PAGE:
I was born in the south. I live in the south and will die in the south. This is only a small part of the memories I share.
Let‘s (a Nifty Contraction to Let Us) Have a Great Time
as I share a very painful episode in my life and although you might be troubled about someone or some thing, I won‘t pry. What is personal to you is personal to me. No tricks. The meat of this piece is very painful (to me), but if it‘s one thing that I have learned in 65 years, embrace both the good and bad and hope to high Heaven that it all works out. No tricks.
I should give you a Grammatical Look at the word, Contraction. To you English buffs, a contraction is nothing more than a word that is shortened. Example: “it‘s“ means it is meant in the Long Form. It‘s as simple as this. See?
Aren‘t you glad of being able to read a short episode in my young life and come away with an additional lesson. This time it‘s Contractions. Tomorrow, who knows?
The Year and Season
was1966. Summer to be exact. On this day that I am sharing was on one of the many days when we young people in Rural Alabama had, Summer School Vacation—May 4 (or some place near there) until August 10 (close enough for horse shoes).
I was enjoying my brand-new 26“ bicycle with its frame being a candy apple red and fenders of chrome. “She“ was a sight to behold. When I mounted the bicycle for the first time, it was like being in love, but with the exception of me falling for a piece of machinery.
When I was riding my new bike, it was like I was the only young guy in the world. I used to do this one thing that made my folks so mad that they could cut me into with their eyes. I would pedal to the top of this Farm to Market Road, (187), that ran in front of our house, and when I had reached the top, I would pedal so fast that I hold my feed from off the pedals and let the summer wind burn my face as if I lived in Panama City. Even the birds joined in song as my bicycle and I made a blur as we sped by.
Why Didn‘t I Just
stop and think for just a moment. And I do not mean a long moment, just a blink of the twinkle of a star on a summer‘s night. (I thought it prudent that I use the term, the twinkle of a summer‘s night since this piece was born in the moment, a painful moment that I had in summer 1966.)
Since it was on a Friday, I liked to dress-up, and to this day, I still do not know why, but I wore my almost-new Hushpuppies, a clean shirt and pants—I looked GOOD. Even in the pain that can come with a catastrophe such as this, I looked good.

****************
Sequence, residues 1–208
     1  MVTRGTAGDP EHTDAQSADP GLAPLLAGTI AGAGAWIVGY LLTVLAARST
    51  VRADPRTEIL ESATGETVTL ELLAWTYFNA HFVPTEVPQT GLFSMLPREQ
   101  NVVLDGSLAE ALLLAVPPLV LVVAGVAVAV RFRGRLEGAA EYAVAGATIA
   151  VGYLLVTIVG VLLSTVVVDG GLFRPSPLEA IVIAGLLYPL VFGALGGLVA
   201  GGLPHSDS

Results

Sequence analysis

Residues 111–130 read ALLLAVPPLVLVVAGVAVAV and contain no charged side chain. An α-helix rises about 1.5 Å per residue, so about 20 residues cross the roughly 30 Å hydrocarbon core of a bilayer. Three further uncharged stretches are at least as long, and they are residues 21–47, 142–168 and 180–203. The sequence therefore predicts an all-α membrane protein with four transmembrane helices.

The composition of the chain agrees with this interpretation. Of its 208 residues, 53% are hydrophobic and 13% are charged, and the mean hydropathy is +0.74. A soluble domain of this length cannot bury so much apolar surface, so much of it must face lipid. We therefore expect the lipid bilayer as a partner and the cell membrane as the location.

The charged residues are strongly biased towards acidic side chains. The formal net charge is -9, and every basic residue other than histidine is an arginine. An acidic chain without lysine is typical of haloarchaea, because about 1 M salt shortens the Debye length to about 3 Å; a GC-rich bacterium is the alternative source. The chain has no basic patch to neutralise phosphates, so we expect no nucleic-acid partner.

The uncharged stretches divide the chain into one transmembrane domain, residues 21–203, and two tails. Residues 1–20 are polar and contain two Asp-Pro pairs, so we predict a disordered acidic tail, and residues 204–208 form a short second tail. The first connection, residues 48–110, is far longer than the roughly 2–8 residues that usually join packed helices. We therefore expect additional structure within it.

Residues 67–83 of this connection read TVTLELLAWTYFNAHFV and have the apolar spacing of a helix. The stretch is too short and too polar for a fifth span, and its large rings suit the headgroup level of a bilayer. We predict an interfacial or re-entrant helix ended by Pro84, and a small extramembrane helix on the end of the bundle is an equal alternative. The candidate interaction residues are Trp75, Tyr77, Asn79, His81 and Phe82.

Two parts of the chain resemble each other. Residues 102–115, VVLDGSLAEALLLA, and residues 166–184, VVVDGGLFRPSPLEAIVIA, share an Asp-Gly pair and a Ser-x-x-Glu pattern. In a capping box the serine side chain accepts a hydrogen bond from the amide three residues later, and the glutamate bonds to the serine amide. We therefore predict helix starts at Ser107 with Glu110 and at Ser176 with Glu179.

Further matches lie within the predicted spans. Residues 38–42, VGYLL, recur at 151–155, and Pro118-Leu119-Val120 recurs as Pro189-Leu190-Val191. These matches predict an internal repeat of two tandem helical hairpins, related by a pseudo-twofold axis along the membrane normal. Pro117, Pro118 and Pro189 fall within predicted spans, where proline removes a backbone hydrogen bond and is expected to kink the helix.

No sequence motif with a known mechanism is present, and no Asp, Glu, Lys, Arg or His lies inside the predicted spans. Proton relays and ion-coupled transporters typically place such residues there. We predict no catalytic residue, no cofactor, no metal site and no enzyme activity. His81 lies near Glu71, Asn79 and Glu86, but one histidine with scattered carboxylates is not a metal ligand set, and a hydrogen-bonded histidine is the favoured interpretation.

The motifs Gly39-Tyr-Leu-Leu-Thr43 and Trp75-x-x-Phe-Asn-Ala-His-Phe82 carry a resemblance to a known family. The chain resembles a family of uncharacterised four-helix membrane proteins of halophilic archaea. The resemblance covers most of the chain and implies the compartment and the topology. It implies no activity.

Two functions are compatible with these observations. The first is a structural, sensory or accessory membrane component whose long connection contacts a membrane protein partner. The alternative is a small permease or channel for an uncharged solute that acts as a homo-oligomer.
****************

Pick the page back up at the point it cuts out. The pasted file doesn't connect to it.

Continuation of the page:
If anyone should tell you that they had a terrible accident and add, and it seemed like time was going slow motion, believe them. I know. When I tried to steer my bike, it had a mind of its own. An obsessed candy apple bike with chrome fenders, I might have imagined it, but I thought that heard this awful groan as the bicycle went over me as I slid down the highway and this movement repeated itself again.
Pain and Bloodshed Mixed
on the highway with my face to the ground was NOT cool in any way. If you are nearing junior high and think that accidents (in any fashion) is pretty cool . . .STOP! You have been deceived by a masterful lie. Happiness is not the end result of a bicycle throwing you to the ground and visa versa. Believe it. I know.
I wish at this point I could tell you the truth about how long I lay there on the highway. Probably not a long time because there were no vehicles to speak of. I got up, picked up my bike and instantly-noticed the huge rip on the shoulder of my right arm. But I didn‘t take time to look. I knew that my folks would be arriving home from work and I needed all the time I could get in order to manufacture a good lie.
I took my shirt off and there it was, this big gaping piece of flesh that had blood and asphalt on the top and I felt faint. But I sat down on our couch. And pilfered though my room to find a clean, unripped shirt. Aha! Success can be a friend if you are young, with a painful tear in your right shoulder (shirt and all) and no amount of lies would deliver me now.
Then My Parents
arrived from work and I did my best to look happy to see them. But my mom who is like all mom‘s, saw right through me. She never mentioned the cut and blood, but did her best to cook our dinner. That night, I forced myself to kiss caution good-bye and confide in mama and tell the truth.
At first she was angry. So was my dad. Both of them asked if I wrecked by myself or did someone run me off of my bicycle. Parents. What a strange question. No, I told them as my mom brought some home-medicine and dressed the bruise. Of course I was taken to our family doctor that I protested because I knew this doctor all too well. He loved to give young people shots of Penicillin and his head nurse, a Mrs. Campbell, a quiet woman, had a half-smile on her lips as she stuck the needle into my shoulder.
Did it hurt? Are you stupid?
Did I get myself into trouble? Not that much. Except being told by my dad (in a stern tone) that I was NEVER to ride my bike into the road—or any road.
All I could think of was there were none of my buddies there to help me at the accident. Something else that I kept thinking, more than the original thought, because if they had been riding with me and I had this wreck . . . they would have laughed their butts off.
January 16, 2019__________________________________________
© 2019 Kenneth Avery